I wonder if hurricanes can blow facts the way they can blow houses — if the wind bends and whips reality as much as it does tree branches.
I was forced to wonder this Saturday, when I was sent out to report on Hurricane Irene. The D.C. government was supposedly handing out sandbags at RFK Stadium, so thither I dutifully went, unfortunately attired in a skirt and flats. I got very wet.
After a walk from the Metro through the rain (with a brief detour to get lost), I arrived at the soccer stadium and was impressed by its size. A couple holding hands arrived about the same time I did; I asked if they were looking for sandbags. They seemed confused, and said they were there for the game, which showed they were really confused. It was obviously canceled. They headed clockwise round the stadium to search for a refund, while I went counterclockwise. There were no signs for these supposed sandbags. How very frustrating, I thought. Maybe I’ll report on that — no signs.
I found an unlocked door, and went through it to find some kind of administrative office. No one was there. I descended some stairs and found myself in a concrete tunnel below the stadium — cavernous and dank. I found another unlocked door and entered a white tunnel that led to various rooms. I walked past the press room, the locker room, the visitor’s locker room, the manager’s office, the laundry room, etc. Some of these I poked my head in. Absolutely no living being in sight.
I walked out the players’ tunnel to the field. Rain and wet everywhere, but no sandbags. I caught sight of the couple holding hands and shouted to them that the tunnels were open if they wanted to go see them.
I crossed the field, climbed a staircase and then walked various ramps and tunnels, still finding no one. It began to feel a bit like a horror movie. I was expecting a giant soggy spider to come up behind me any minute.
I finally figured out, after texting a friend, that I should call the city’s information line, 311, and ask where the sandbags were. The lady on the phone told me Parking Lot 7. That was all well and good, but I still had no idea where Parking Lot 7 was. The only maps in the place didn’t show the parking lots.
After wandering around for another 15 minutes in a vain attempt to find an exit to Lot 7, I finally ran into a real, live human being. He was young and strong and looked like a soccer player. Maybe he was famous. It didn’t really matter — he wasn’t very nice. He didn’t know where Lot 7 was, and he hastily drove off through the tunnel in his white SUV.
A while later I made it to the outside of the stadium. I started walking counterclockwise again and then I saw it: a white van. With some kind of official seal on the side. I ran up to the van and found a very nice woman in a yellow rain slicker inside. She told me to keep going counterclockwise to find the sandbags.
The next person I found was wearing a red raincoat, standing next to a red Radio Flyer wagon. It had sandbags in it. This was a good sign. I stopped to talk to her, and she told me the nicest little story — one of those pieces of “good news” our grandmothers are always saying the media should talk about more. Her car’s brakes were bad, so she had wheeled a cart on the Metro to RFK to pick up sandbags. But after haggling with the officials who wouldn’t give her sandbags at first because she didn’t have a car, the wheel broke on her cart. She was about to give up and just let her Georgetown basement get flooded, when a complete stranger — an elderly man— walked up and offered her his red Radio Flyer wagon. He, too, had come on foot, but he thought she needed the wagon more than he did. “He was just going to give it to me!” she told me, astonished. She promised to return it to him; he said that would be nice because it was his granddaughter’s.I thanked the woman for her story, and we parted ways. I headed in the direction she had come from, determined to find these sandbags and the people clamoring for them.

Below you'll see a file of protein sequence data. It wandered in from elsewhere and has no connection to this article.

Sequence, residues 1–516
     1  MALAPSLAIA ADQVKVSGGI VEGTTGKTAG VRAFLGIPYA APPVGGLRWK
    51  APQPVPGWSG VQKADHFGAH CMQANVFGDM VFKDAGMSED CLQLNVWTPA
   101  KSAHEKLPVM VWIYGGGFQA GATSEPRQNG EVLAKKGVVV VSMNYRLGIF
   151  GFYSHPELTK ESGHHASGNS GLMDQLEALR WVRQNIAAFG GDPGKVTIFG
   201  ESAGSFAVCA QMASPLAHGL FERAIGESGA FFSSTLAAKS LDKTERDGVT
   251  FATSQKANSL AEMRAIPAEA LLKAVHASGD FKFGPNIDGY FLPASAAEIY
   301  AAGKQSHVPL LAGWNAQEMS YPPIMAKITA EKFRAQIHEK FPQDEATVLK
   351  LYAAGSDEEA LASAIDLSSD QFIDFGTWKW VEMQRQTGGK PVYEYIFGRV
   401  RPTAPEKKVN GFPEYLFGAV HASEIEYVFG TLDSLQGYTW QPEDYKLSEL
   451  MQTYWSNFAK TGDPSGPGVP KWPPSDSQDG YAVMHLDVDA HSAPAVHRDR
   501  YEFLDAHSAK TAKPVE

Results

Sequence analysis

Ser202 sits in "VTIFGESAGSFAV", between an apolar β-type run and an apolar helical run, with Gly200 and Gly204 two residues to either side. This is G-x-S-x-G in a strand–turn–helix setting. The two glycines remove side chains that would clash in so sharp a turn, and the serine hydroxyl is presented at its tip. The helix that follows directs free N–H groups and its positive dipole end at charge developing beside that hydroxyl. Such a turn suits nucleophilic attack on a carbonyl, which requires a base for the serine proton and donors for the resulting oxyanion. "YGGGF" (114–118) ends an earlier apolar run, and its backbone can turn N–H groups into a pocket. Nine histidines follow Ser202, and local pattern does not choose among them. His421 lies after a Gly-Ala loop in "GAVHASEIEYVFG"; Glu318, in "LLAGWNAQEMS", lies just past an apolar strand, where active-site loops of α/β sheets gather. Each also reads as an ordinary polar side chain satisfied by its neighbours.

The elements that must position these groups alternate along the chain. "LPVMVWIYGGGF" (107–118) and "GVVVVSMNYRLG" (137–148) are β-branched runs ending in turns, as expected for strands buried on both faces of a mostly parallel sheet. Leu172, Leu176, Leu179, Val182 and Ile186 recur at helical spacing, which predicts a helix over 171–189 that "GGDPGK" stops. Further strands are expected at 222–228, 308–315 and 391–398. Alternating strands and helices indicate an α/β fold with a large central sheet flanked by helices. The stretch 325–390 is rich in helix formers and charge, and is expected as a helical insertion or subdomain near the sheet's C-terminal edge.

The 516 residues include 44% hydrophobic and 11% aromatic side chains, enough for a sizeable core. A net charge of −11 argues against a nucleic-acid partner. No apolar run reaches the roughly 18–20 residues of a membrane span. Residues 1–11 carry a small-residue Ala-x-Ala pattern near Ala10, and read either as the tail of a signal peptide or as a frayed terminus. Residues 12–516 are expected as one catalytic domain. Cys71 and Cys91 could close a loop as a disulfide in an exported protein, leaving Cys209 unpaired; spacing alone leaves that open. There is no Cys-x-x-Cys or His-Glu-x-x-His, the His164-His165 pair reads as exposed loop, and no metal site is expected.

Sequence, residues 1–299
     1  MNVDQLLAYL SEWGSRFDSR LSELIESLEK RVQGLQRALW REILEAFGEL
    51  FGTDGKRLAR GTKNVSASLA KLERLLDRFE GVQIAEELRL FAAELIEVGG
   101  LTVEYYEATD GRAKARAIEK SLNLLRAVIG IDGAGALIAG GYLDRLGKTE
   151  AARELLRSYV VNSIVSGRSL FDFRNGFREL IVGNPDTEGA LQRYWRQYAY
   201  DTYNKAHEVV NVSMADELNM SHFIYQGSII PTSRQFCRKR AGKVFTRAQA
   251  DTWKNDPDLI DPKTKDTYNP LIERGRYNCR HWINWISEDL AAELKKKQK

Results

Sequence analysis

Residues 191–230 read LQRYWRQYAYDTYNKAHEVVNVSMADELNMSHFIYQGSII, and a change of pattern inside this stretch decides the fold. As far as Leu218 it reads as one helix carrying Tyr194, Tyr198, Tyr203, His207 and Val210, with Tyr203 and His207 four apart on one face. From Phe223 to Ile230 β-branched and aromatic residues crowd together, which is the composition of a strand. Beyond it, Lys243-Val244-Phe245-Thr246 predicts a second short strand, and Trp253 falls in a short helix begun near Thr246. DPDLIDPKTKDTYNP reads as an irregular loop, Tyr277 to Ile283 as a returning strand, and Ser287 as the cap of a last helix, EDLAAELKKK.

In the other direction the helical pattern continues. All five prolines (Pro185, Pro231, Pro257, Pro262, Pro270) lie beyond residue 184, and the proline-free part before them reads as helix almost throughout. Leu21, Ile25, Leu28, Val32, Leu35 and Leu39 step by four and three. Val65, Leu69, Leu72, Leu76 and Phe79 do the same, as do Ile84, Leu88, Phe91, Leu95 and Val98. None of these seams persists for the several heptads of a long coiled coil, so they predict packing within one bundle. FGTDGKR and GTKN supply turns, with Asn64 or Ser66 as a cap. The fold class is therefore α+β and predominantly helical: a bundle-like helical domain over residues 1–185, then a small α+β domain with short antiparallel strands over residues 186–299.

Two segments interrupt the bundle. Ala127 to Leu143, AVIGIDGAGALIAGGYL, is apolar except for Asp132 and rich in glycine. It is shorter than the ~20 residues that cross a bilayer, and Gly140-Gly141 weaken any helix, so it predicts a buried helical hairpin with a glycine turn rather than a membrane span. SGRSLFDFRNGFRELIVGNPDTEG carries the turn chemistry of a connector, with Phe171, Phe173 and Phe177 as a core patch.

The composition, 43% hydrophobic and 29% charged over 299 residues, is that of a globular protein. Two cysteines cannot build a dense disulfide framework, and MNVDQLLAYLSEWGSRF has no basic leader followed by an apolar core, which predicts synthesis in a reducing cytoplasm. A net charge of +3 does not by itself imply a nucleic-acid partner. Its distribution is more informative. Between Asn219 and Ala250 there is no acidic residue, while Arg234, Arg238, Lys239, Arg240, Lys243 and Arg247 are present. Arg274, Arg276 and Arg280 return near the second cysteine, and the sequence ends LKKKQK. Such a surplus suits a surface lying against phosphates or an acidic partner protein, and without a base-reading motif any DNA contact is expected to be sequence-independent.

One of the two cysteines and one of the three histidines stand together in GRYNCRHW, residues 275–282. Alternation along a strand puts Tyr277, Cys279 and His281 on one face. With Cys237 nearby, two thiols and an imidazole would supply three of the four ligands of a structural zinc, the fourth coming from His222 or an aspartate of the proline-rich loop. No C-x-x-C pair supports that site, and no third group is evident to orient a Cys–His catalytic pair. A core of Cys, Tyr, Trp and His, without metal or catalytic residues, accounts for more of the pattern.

And here’s where reality begins to muddle.
Because in only 5 short minutes (I estimated I was on the opposite side of the huge stadium from where I had entered) I was back to where I started, where I first met the couple holding hands. This confused me. It confused me even more when I saw the woman in the red rain coat trudging up a nearby sidewalk with her wagon. We had gone in opposite directions. There was no possible way we could have met each other again in so short a time. To top it off, there was the couple holding hands, running into the woman with the red wagon and exchanging pleasantries.
I set my confusion aside in my determination to find the elusive sandbags. I called 311 again. Where is Lot 7?, I asked.
-Lot 7?, said the man.
-You know, the place where they’re giving out sandbags at RFK?, I said.
-They’re not giving out sandbags at RFK, ma’am, he said.
-Oh yes they are. I just met a woman with some, I said.
-No, they’re only giving out sandbags at the department of public works.
Again, the wind had swept away reality — or at least seriously rattled someone’s wits.
I made one last foray on my sandbag quest, determined to get to the bottom of this. I found a man in a booth guarding an entrance to the stadium. He, like the woman in the van, had a yellow slicker.
-Where are they handing out sandbags?, I asked.
-Oh, darlin’, they moved that over the highway. To Oklahoma and….
Somewhere I could not walk.
At this point, I gave up, uncertain whether these sandbags ever existed, whether the woman in the red raincoat was just a figment of my imagination (though she couldn’t have been, because I took a picture), and wet and tired from all that pointless wandering.
I got back to the office, and there, on the flat screen TV, was an NBC reporter, surrounded by people hauling sandbags. At RFK Stadium.
Oh Irene! Oh Lot 7! You are such stuff as dreams are made on — I guess.